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Blog: Color Scripting to Measure Engagement

Posted on March 30, 2016 by  in Blog

President, iEval

Last year I went to the D23 Expo in Anaheim, California. This was a conference for Disney fans everywhere. I got to attend panels where I learned past Disney secrets and upcoming Disney plans. I went purely for myself, since I love Disney everything, and I never dreamed I would learn something that could be applicable to my evaluation practice.

In a session with John Lasseter, Andrew Stanton, Pete Doctor, and others from Pixar, I learned about a technique created by Ralph Eggleston (who was there too) called color scripting. Color scripting is a type of story boarding, but Ralph would change the main colors of each panel to reflect the emotion the animated film was supposed to portray at that time. It helped the Pixar team understand what was going on in the film emotionally at a quick glance, and it also made it easier to create a musical score to enhance those emotions.

Then, a few weeks later, I was sitting in a large event for a client, observing from the back of the room. I started taking notes on the engagement and energy of the audience based on who was presenting. I created some metrics on the spot including number of people on their mobile devices, number of people leaving the event, laughter, murmuring, applause, etc. I thought I would create a simple chart with a timeline of the event, highlighting who was presenting at different times, and indicating if engagement was high/medium/low and if energy was high/medium/low. I quickly realized, when analyzing the data, that engagement and energy were 100% related. If engagement was high, then energy followed shortly as being high. So, instead of charting two dimensions, I really only needed to chart one: engagement & energy combined (see definitions of engagement and energy in the graphic below). That’s when it hit me – color scripting! Okay, I’m no artist like Ralph Eggleston, so I created a simple color scheme to use.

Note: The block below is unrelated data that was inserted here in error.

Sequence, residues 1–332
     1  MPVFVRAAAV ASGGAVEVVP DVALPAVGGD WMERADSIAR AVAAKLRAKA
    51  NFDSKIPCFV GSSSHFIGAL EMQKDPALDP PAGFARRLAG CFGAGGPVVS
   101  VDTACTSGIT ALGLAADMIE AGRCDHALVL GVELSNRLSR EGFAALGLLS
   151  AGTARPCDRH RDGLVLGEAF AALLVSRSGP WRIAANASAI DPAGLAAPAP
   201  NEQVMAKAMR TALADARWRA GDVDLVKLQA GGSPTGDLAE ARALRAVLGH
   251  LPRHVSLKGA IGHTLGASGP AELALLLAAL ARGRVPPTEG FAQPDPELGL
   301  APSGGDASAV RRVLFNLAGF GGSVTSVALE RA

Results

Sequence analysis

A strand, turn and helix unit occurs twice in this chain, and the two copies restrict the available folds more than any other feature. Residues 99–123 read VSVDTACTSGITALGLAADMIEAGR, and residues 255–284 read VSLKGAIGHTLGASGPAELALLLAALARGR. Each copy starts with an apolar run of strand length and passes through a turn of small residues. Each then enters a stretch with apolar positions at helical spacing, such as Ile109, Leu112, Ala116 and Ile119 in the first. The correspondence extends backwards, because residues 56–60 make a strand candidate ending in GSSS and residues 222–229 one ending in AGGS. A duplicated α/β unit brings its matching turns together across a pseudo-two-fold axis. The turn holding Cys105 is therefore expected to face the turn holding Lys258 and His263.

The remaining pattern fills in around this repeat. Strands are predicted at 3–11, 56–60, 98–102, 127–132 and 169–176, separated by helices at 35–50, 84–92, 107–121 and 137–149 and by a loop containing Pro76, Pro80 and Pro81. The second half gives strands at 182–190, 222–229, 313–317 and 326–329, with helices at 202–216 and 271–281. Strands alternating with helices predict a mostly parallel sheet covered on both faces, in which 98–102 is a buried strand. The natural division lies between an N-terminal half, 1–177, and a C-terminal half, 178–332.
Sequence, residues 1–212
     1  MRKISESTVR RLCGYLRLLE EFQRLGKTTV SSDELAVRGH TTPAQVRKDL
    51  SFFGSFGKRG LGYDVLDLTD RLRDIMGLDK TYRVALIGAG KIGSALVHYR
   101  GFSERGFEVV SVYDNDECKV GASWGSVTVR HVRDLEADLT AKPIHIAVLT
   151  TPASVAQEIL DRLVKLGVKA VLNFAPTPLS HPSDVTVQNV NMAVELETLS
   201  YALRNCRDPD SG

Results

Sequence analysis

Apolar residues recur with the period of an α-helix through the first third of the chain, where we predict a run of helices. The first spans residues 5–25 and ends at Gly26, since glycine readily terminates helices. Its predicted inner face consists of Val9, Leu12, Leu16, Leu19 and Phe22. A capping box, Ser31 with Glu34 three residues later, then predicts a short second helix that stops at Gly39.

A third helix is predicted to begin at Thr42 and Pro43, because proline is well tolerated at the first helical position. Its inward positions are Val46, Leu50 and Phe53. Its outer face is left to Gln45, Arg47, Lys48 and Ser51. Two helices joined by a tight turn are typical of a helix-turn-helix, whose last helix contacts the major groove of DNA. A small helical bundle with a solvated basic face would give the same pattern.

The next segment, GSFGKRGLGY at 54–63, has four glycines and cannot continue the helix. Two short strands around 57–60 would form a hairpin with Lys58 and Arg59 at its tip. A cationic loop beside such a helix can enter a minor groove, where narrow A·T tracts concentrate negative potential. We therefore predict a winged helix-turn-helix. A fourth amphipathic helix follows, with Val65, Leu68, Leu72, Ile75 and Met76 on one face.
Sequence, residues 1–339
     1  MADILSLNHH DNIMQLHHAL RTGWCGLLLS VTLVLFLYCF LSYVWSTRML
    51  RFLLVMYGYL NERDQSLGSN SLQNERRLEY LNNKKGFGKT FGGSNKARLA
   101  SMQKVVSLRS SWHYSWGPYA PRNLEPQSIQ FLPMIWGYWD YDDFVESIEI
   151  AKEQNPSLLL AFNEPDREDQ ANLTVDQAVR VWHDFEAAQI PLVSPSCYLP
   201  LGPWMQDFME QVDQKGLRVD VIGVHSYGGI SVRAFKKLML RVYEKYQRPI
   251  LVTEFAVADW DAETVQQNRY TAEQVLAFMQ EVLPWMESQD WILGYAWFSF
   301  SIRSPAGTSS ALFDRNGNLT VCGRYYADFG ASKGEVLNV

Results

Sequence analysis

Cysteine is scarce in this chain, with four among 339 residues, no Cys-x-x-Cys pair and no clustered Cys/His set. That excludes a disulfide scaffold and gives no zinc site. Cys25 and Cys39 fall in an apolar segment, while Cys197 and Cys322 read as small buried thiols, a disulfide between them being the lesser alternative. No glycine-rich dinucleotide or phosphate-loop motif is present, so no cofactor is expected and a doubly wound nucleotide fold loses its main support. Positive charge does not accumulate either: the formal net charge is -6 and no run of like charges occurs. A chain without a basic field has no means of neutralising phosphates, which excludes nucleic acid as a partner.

Graphic 1

In sharing this with the clients who put on the event, they could clearly see how the audience reacted to the various elements of the event. It was helpful in determining how to improve the event in the future. This was a quick and easy visual, made in Word, to illustrate the overall reactions of the audience.

I have since also applied this to a STEM project, color scripting how the teachers in a two-week professional development workshop felt at the end of each day based on one word they shared upon exiting the workshop each day. By mapping participant feelings in the different cohorts and comparing what and how things were taught each day, this resulted in thoughtful conversations with the trainers about how they want the participants to feel and what they need to change to match reality with intention.

Graphic 2

You never know where you’re going to learn a technique or tool that could be useful in your evaluation practice and useful to the client. Be open to learning everywhere you go.

6 comments on “Blog: Color Scripting to Measure Engagement

  1. Sheila B Robinson

    What a great idea Wendy! When you asked the exiting professional development participants how they felt each day, did you give them a list of words, or did they get to generate a word describing how they felt? Were “enthusiastic,” “processing,” and “overwhelmed” your words that they could choose, or your codes/categories for words they generated? I’ve been experimenting with asking people how they felt and why vs what they learned and I find I get richer info from them when they’re asked to describe emotions (many actually share what they learn in response to the emotion question). When they’re asked what they learned, they typically echo back the title of the professional development workshop or session.

    1. Wendy Tackett

      Sheila ~ The participants were asked to describe in one word – their own word – how they felt each day. After we had the 2 weeks worth of words from each cohort, we recoded them – not knowing what the categories would be until we got into recoding. We were able to narrow them down to those three categories that were meaningful for the client.

  2. Amanda Stoel

    Great blog Wendy! So a unique and creative way to use technology to reflect data. I’m sure I will be sharing this story and starting to use this technique as well.

Comments are closed.